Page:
Afghanistan: Taliban vows ‘bright future’ when US troops leave the country

KABUL (TCA) — In a statement on June 13, the Taliban movement called on “American invaders” to leave Afghanistan and claimed it had liberated “vast areas” of the country, Sputnik news agency reported.

The Taliban’s chief, Haibatullah Akhunzada, has called for talks with the US, saying as quoted by Reuters that “if the American officials truly believe in a peaceful end to the Afghan imbroglio, then they must present themselves at the negotiating table.”

Hainatullah Akkunzada has also assured the Afghan people of “a bright future for our country accompanied by peace and prosperity”.

He has blasted the United States’ decision to move its Israeli embassy to Jerusalem. According to him, the US move “further exposes the absolute hatred of American officials towards Islam.”

On June 9, the Taliban announced a surprise three-day truce over Eid al-Fitr, a religious holiday marking the end of the Muslim holy month of Ramadan. At the time, the group said it would halt offensives during the holiday period, with foreign forces and operations against them being excluded from the ceasefire.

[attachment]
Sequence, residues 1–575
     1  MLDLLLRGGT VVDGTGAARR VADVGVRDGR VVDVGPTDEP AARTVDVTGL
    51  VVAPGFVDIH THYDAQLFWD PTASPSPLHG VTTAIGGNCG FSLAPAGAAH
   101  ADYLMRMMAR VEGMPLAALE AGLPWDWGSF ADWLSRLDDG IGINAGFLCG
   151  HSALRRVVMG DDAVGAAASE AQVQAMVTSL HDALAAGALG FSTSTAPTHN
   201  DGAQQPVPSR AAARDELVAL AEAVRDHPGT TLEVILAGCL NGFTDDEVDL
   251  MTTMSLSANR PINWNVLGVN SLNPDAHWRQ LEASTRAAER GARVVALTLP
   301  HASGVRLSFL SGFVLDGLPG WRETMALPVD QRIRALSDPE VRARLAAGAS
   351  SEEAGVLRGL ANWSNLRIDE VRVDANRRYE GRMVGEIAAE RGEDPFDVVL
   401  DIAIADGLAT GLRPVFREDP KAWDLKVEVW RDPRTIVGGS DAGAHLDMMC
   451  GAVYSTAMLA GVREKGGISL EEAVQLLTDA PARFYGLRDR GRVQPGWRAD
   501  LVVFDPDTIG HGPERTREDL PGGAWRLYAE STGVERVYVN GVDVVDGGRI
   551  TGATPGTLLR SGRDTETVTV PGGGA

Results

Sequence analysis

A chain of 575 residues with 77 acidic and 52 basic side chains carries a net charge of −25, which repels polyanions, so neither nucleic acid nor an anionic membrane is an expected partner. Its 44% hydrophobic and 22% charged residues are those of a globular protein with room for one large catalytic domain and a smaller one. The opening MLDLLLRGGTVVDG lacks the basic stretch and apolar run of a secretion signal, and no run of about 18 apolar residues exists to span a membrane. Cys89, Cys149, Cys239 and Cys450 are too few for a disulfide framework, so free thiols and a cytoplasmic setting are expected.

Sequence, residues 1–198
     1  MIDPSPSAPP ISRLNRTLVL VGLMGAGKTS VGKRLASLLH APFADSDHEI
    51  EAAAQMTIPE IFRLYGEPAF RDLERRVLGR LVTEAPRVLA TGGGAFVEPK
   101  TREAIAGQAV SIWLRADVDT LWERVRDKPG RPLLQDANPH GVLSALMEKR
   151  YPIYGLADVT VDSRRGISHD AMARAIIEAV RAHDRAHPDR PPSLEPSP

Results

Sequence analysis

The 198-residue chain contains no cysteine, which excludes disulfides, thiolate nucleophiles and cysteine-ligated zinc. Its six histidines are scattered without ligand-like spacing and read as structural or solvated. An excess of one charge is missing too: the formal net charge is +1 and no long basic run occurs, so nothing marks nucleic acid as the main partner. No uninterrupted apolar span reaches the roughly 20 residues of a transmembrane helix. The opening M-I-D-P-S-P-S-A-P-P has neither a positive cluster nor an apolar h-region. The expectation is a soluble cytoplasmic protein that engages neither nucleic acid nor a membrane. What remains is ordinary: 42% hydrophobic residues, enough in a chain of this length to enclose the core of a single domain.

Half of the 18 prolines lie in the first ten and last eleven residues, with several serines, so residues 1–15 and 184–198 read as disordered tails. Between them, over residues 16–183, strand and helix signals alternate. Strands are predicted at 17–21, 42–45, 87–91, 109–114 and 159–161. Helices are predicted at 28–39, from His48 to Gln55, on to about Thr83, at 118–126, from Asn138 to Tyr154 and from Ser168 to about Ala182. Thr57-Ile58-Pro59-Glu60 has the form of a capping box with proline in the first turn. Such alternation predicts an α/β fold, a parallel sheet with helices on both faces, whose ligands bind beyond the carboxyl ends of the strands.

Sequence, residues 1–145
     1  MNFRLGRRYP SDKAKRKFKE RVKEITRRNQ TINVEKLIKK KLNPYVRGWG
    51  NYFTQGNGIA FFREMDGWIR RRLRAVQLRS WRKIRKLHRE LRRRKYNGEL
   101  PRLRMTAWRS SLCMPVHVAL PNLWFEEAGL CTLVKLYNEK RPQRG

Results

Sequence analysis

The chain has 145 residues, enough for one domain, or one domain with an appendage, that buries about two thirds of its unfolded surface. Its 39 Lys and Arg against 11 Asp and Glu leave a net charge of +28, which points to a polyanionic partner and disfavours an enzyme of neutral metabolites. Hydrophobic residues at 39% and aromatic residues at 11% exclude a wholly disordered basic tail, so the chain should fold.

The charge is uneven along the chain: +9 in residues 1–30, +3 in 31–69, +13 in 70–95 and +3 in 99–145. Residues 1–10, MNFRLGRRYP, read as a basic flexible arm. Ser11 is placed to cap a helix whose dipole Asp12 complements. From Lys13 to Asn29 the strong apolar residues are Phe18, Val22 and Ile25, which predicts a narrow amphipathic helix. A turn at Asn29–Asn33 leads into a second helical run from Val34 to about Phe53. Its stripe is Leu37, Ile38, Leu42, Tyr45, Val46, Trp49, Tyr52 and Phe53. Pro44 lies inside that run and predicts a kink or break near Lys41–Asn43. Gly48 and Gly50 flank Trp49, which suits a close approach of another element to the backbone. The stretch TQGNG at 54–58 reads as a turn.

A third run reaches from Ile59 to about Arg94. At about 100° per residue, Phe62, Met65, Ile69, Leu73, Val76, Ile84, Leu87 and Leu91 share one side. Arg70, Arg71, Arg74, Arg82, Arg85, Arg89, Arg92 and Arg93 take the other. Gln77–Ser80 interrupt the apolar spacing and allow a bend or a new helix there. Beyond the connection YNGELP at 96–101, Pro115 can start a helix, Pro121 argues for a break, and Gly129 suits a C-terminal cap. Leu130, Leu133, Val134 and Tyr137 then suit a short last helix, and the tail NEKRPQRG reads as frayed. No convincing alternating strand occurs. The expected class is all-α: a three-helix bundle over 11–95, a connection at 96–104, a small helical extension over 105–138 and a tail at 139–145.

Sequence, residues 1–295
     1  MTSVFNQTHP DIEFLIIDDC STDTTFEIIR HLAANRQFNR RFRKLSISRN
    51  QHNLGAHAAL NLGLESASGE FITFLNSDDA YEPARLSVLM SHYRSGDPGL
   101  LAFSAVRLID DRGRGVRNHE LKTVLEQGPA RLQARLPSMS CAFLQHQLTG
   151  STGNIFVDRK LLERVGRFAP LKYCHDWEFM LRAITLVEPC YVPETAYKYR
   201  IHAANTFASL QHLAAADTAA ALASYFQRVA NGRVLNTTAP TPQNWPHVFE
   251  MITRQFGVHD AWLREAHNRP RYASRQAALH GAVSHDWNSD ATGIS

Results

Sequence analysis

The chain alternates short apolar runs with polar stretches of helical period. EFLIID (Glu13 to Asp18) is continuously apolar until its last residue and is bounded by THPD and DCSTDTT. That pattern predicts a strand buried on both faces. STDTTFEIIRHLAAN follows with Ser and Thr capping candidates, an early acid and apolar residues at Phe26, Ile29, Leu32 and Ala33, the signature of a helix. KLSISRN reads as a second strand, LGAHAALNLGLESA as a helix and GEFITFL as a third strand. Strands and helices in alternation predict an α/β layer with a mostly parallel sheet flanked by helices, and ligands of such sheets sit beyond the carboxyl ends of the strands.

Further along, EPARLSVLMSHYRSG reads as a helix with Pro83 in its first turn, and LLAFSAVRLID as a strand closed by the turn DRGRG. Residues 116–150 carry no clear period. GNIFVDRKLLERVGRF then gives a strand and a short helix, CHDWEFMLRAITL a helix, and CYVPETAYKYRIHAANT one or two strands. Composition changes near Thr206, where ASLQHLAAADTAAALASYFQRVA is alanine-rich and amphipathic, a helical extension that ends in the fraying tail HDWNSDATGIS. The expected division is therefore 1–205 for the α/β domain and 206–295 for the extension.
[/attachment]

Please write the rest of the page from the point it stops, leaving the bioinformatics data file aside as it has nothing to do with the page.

The move came after the Afghan government had enforced a unilateral weeklong ceasefire with the Taliban during Eid. The government’s decision followed a meeting of senior Afghan clerics in Kabul, who had issued a ruling against suicide bombings, one of which killed 14 people at the entrance to the clerics’ peace tent.

According to the latest quarterly report by the US Special Inspector General for Afghanistan Reconstruction (SIGAR), the local government controls or influences 56.3% of the country’s territory, with the remaining 43.7% of districts either being held or contested by the Taliban.

Sergey Kwan


Sergey Kwan has worked for The Times of Central Asia as a journalist, translator and editor since its foundation in March 1999. Prior to this, from 1996-1997, he worked as a translator at The Kyrgyzstan Chronicle, and from 1997-1999, as a translator at The Central Asian Post.
Kwan studied at the Bishkek Polytechnic Institute from 1990-1994, before completing his training in print journalism in Denmark.

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